International Journal of Healthcare Simulation
Adi Health+Wellness
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22 GAME ON! MEETING THE MISSION OF GAMIFICATION TO TEACH HUMAN FACTOR SKILLS
DOI 10.54531/CTNI2461, Volume: 00, Issue: 00, Pages: A60-A61
Article Type: Innovations, Article History

Table of Contents

Highlights 

Notes 

Abstract

Background:

Failings in human factors are a significant contributory factor in accidents/incidents in aviation, energy and healthcare. There is no ‘one thing’ that will address human factor failings- it requires multiple interventions; including developing human factor awareness and skills to influence behavioural change. Local research in the Northern Health & Social Care Trust [1] substantiates this. Six months after accessing face-to-face human factor training 70% of attendees confirmed they had made changes to their practice. Through the acquisition of human factor skills staff can ‘get up stream’ of adverse incidents and poorly designed systems, which can reduce patient harm and increase the quality of care.

Aims:

This project deployed the application of Gamification to human factor learning in healthcare. Feedback from face-to-face Human Factor training is positive, but it is challenging in an organization of 13,500 staff to meet the capacity for this training. More recently, response to COVID-19 has challenged us all to think about how we make training more accessible outside of traditional methods.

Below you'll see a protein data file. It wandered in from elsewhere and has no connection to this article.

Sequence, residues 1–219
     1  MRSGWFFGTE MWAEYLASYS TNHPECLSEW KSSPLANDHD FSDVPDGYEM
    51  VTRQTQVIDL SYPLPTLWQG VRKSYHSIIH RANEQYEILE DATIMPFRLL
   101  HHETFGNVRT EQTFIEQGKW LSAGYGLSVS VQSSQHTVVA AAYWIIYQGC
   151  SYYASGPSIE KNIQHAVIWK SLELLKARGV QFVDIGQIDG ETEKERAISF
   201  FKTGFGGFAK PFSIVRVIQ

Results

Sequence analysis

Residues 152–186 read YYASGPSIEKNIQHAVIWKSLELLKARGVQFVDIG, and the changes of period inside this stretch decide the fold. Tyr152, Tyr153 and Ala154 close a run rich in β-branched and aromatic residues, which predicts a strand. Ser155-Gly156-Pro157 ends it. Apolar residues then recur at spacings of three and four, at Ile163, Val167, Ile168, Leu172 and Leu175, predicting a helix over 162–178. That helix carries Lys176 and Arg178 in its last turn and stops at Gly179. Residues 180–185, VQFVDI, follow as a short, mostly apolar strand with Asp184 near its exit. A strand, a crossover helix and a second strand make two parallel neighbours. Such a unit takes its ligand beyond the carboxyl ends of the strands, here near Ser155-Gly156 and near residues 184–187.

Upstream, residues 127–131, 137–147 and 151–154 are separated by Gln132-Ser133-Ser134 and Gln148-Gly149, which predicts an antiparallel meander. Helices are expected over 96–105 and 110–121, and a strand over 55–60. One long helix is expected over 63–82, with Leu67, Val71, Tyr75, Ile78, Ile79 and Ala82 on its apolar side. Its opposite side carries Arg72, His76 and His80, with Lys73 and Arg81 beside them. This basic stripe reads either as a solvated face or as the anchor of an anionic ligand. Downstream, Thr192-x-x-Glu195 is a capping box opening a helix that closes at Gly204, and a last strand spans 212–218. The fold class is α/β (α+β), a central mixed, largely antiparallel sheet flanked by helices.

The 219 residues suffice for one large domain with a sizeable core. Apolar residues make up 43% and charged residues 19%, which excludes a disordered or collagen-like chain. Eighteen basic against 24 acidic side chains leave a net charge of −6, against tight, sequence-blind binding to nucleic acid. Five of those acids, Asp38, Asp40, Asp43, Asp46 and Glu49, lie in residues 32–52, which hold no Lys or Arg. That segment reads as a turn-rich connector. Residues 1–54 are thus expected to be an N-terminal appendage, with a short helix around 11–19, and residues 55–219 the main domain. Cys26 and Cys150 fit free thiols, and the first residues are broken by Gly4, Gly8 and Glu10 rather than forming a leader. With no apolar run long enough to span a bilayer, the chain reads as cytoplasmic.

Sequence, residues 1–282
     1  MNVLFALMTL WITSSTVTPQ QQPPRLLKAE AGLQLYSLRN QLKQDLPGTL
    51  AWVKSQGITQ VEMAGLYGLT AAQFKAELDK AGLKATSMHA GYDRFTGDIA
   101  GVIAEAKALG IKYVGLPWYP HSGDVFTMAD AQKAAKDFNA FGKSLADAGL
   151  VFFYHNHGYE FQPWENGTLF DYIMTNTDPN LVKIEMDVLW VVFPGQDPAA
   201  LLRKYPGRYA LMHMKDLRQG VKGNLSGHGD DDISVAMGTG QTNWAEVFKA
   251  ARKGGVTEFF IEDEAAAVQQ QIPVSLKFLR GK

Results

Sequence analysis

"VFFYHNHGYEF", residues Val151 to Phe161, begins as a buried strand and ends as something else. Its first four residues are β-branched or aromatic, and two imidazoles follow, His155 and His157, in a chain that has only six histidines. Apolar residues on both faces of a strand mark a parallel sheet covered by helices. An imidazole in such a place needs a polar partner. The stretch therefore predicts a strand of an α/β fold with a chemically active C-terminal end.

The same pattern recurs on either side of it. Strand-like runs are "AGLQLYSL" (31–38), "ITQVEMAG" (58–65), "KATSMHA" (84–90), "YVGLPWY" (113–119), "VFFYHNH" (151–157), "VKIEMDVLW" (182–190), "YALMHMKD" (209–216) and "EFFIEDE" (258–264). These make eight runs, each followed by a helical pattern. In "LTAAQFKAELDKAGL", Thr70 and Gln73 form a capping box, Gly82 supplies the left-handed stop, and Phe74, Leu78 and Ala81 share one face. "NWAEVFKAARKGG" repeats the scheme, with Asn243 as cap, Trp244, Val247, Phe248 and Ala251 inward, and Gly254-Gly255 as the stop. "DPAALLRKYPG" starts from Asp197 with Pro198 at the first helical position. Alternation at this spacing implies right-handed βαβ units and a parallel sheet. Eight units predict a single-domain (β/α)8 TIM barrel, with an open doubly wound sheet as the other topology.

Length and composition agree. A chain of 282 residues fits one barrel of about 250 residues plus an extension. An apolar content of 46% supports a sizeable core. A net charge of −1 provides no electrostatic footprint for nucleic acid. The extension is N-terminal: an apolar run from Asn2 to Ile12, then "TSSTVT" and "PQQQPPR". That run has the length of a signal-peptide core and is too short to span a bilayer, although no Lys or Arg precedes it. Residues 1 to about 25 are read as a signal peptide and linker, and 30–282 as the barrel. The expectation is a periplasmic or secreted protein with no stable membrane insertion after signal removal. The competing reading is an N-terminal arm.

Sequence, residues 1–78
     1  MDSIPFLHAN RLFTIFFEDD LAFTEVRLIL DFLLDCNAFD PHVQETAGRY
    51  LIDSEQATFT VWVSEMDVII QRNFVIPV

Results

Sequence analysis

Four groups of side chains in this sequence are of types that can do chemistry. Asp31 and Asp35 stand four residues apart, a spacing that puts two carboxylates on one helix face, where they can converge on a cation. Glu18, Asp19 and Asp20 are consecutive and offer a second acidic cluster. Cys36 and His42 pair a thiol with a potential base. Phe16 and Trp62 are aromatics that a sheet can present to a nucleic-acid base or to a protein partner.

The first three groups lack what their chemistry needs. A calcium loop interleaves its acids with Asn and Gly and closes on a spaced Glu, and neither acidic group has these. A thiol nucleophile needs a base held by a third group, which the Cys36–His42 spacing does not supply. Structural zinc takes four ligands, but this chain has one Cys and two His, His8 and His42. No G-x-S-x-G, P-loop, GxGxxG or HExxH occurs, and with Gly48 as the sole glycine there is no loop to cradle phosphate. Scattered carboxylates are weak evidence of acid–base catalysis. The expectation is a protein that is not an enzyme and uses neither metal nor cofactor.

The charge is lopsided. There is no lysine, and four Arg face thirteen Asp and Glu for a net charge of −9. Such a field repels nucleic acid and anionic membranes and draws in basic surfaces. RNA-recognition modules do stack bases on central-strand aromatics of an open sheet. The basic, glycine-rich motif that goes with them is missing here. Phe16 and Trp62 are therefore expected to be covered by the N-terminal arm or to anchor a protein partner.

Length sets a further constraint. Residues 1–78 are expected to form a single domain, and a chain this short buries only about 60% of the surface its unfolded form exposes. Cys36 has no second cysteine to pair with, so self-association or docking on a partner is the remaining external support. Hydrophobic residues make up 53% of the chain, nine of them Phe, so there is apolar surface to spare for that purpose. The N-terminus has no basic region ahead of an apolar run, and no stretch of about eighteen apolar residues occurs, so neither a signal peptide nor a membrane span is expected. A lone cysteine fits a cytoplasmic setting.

Method/design:

The Gaming Strategy is centred around Dupont’s Dirty Dozen (Figure 1) – the 12 most common human factor elements which degrade a person’s ability for them to perform effectively and safely, which can lead to errors.
Dupont’s dirty dozen
Figure 1:
Dupont’s dirty dozen
Through a series of missions ‘gamers’ follow a patient (Joe) as he journeys through the healthcare system, and experiences a series of human factor errors. The five missions below, each incorporate Dupont’s Dirty Dozen: communication and team workinglack of knowledge and assertivenesssituational awarenesscomplacency and normspressure and lack of resourcesEach mission introduces characters and is scenario-driven, depending upon gamers’ responses they will either be successful in their mission (in which case they can proceed to the next step), or unsuccessful and have to restart the mission. At the end of each mission ‘gamers’ must complete a quiz, after which they are rewarded with access to the next mission. The gaming App includes additional learning resources, opportunity for reflection and generation of a completion certificate to support professional development. Psychological and behavioural experiences of gamers’ is captured by the App via quizzes at the start and completion of the Game. The project deployed Quality Improvement and Agile development methodologies. All scenarios and characters were developed by the NHSCT project team, with software development commissioned externally.

Implementation outline:

The Game is accessible via mobile phone from the App Store. Project testing completed in June 2021, with the launch of the Game in NHSCT thereafter. The App has potential for scale-up across NI and the UK.

Smith and Holland: 22 GAME ON! MEETING THE MISSION OF GAMIFICATION TO TEACH HUMAN FACTOR SKILLS

Reference

1. 

Northern Health and Social Care Trust. Evaluation of Impact of Human Factor Training. 2020. Northern Ireland.
https://www.ijohs.com/tools/openurl?pubtype=article&doi=10.54531/CTNI2461&title=22 GAME ON! MEETING THE MISSION OF GAMIFICATION TO TEACH HUMAN FACTOR SKILLS&author=Gill Smith,Jonny Holland,&keyword=&subject=Innovations,